We believe that the situation at hand is closer to that in the Carden and Splawn cases, than that in Champagne and Tiner cases. While the Church, through its agents, knew the wheels on the trailer were exposed and an injury could occur if someone came in contact with the moving wheels, its conduct did not rise to the level of willful and wanton, as defined by Arkansas case law. The Church simply did not "proceed into the presence of danger, with indifference to consequences and with absence of all care." Ellis, 385 S.W.2d at 155 (emphasis added). The Church had adults present supervising the hayride and, even though the plaintiff did not hear the warnings, safety warnings were given. In addition, the adults periodically shined lights on the trailer in order to check on the children riding on the trailer. The record below would easily support a verdict based on simple negligence and possibly one on gross negligence. But, even when viewed in a light most favorable to the Appellee, as it must be on this appeal, the record does not support a finding of willful and wanton conduct on the part of the Church. Thus, the trial court erred in denying the defendant's motions for directed verdict and for judgment notwithstanding the verdict.



The second and final issue in this case is whether the trial court erred in holding, as a matter of law, that Tony Hall was a guest within the meaning of the guest statute. Again, we must determine whether, when viewed in a light most favorable to the Appellee, the record is such that "reasonable jurors could differ as to the conclusion that could be drawn from the evidence." Brown, 703 F.2d at 1052. If so, the trial court should not have directed a verdict on the guest issue, but should have submitted the issue of whether or not Tony Hall was a guest to the jury for its determination.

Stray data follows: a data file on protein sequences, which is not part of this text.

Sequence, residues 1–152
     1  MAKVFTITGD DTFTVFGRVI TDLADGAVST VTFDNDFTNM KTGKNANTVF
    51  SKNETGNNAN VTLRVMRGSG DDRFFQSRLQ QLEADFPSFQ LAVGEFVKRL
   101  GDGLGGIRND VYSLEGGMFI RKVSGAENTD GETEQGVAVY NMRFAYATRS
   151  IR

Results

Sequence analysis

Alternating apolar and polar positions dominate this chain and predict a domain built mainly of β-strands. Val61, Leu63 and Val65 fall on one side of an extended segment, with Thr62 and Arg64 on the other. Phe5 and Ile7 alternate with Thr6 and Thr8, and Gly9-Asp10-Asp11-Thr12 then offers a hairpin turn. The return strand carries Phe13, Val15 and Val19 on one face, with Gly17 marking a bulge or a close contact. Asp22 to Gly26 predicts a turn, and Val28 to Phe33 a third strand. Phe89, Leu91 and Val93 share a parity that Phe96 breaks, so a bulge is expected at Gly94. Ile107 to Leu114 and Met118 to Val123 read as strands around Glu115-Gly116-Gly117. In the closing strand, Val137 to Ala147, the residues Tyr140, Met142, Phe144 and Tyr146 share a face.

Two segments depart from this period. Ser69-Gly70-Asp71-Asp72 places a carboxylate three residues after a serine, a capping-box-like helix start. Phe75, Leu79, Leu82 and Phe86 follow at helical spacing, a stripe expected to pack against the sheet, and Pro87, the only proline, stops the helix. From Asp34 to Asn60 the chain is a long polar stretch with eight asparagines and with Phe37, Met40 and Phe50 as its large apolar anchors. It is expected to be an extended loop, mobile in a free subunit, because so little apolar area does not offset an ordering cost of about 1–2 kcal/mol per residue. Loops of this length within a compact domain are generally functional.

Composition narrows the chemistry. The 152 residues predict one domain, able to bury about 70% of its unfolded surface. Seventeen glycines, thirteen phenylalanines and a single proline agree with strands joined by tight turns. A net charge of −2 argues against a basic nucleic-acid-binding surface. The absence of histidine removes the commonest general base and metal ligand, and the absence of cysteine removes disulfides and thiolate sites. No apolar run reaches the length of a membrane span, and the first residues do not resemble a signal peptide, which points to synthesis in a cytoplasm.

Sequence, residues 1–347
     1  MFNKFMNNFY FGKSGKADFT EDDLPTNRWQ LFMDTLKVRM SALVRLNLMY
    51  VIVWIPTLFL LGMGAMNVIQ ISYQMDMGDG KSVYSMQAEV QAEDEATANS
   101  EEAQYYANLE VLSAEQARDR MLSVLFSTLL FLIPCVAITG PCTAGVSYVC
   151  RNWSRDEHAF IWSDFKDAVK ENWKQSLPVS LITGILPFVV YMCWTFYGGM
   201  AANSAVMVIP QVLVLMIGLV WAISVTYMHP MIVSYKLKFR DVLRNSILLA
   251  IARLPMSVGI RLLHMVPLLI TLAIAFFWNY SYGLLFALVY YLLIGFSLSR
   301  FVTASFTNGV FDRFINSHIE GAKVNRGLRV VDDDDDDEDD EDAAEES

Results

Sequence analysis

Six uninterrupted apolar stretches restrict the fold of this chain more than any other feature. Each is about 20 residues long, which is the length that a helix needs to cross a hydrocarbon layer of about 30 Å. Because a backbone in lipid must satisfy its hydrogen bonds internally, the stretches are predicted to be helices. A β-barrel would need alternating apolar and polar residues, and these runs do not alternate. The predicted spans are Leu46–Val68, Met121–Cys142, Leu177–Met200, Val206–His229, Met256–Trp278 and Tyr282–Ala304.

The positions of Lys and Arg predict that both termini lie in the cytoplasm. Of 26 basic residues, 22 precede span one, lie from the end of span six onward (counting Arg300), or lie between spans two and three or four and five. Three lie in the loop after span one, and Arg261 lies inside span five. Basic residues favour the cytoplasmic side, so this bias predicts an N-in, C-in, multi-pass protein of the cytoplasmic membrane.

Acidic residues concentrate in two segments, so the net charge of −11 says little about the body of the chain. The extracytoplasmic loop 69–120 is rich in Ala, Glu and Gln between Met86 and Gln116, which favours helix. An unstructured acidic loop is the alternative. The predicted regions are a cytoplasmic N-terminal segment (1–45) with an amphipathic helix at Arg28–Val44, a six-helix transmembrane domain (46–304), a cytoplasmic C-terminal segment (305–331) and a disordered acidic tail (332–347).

The Appellee concedes that no admission fee was charged to those attending the hayride including Tony Hall. However, it is not necessary that a passenger pay the driver in order to avoid being labeled a guest. Rather, the key is to determine who was benefited by the ride. Buffington v. Wright, 239 Ark. 138, 388 S.W.2d 100, 101-02 (1965); Simms v. Tingle, 232 Ark. 239, 335 S.W.2d 449, 450 (1960); Whittecar v. Cheatham, 226 Ark. 31, 287 S.W.2d 578, 579 (1956). If the direct operation of the vehicle "confers a benefit only on the person to whom the ride is given and no benefits other than such are incidental to hospitality, companionship or the like [are conferred] upon the person extending the invitation, the passenger is a guest." However, if the ride promotes "the mutual interests of both the passenger and the driver for their common benefit, or if it is primarily for the attainment of some objective or purpose of the operator, the passenger is not a guest." Simms, 335 S.W.2d at 450; see also Buffington, 388 S.W.2d at 101-02.